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In The Public Life of the Fetal Sonogram, medical anthropologist Janelle S. Taylor analyzes the full sociocultural context of ultrasound technology and imagery. Drawing upon ethnographic research both within and beyond the medical setting, Taylor shows how ultrasound has entered into public consumer culture in the United States. The book documents and critically analyzes societal uses for ultrasound such as nondiagnostic "keepsake" ultrasound businesses that foster a new consumer market for these blurry, monochromatic images of eagerly awaited babies, and anti-abortion clinics that use ultrasound in an attempt to make women bond with the fetuses they carry, inciting a pro-life state of mind.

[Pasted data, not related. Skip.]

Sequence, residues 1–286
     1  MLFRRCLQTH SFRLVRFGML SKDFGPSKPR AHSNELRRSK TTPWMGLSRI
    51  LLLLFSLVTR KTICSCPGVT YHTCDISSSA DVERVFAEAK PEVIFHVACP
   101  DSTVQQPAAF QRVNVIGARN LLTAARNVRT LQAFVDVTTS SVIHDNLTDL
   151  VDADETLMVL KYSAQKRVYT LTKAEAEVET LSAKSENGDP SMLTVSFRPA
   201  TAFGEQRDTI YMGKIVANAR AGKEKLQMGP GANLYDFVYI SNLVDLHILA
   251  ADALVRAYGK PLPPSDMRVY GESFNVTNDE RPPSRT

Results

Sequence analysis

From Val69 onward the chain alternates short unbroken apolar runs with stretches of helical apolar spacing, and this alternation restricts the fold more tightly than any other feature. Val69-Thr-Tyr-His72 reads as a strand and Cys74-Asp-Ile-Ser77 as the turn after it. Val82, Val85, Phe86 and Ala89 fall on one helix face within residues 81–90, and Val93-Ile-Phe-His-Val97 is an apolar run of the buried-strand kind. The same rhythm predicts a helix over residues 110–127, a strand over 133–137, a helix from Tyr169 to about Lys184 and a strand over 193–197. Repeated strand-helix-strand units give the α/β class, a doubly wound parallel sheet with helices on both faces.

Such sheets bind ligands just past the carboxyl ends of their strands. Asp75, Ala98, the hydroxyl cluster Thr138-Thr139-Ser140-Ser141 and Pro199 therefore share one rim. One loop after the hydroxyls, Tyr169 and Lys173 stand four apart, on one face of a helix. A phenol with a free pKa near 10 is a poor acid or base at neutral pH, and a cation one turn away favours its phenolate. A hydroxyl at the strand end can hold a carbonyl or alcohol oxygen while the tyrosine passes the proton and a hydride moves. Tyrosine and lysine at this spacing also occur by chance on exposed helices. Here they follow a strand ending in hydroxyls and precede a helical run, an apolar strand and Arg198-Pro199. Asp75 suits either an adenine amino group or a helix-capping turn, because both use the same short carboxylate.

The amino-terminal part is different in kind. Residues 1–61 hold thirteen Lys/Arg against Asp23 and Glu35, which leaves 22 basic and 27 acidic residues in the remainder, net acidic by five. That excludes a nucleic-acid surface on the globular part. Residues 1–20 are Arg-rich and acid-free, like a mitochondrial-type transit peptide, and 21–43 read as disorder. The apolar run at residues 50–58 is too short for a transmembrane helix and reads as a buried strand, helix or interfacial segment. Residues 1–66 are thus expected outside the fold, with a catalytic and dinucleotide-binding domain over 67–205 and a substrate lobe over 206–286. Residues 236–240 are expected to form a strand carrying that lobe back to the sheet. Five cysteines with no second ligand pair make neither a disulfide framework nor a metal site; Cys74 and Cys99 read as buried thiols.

This book offers much-needed critical awareness of the less easily recognized ways in which ultrasound technology is profoundly social and political in the United States today.
1 Introduction 1
2 Sonographers and the Making of the Public Fetus 26
3 Obstetrical Ultrasound between Medical Practice and Public Culture 52
4 Love Machine: The Theory of Ultrasound Bonding 77
5 Prenatal Diagnosis, Pregnancy, and Consumption 116
6 Entertaining Fetuses: Keepsake Ultrasound and Crisis Pregnancy Centers 144
7 Afterword 169